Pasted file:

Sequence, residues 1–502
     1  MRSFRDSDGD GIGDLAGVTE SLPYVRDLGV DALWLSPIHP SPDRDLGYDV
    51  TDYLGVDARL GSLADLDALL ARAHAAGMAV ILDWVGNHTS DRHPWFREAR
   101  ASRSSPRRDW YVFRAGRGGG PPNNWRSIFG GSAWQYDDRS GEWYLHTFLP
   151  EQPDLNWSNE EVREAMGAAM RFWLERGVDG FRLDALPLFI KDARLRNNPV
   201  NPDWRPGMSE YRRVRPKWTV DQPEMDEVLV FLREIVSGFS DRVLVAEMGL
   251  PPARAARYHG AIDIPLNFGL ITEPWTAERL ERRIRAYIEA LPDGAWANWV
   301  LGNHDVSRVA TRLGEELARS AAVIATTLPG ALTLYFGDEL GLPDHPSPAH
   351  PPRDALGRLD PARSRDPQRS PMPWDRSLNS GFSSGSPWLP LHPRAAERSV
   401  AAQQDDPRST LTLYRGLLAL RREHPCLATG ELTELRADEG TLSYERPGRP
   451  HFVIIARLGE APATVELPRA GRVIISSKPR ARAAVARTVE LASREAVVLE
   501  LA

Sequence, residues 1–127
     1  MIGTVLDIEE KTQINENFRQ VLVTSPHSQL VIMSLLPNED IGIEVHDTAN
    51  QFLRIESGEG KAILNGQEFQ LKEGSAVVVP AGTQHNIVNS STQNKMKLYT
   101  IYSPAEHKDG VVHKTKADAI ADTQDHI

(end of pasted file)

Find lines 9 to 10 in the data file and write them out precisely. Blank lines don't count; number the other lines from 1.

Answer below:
   351  PPRDALGRLD PARSRDPQRS PMPWDRSLNS GFSSGSPWLP LHPRAAERSV
   401  AAQQDDPRST LTLYRGLLAL RREHPCLATG ELTELRADEG TLSYERPGRP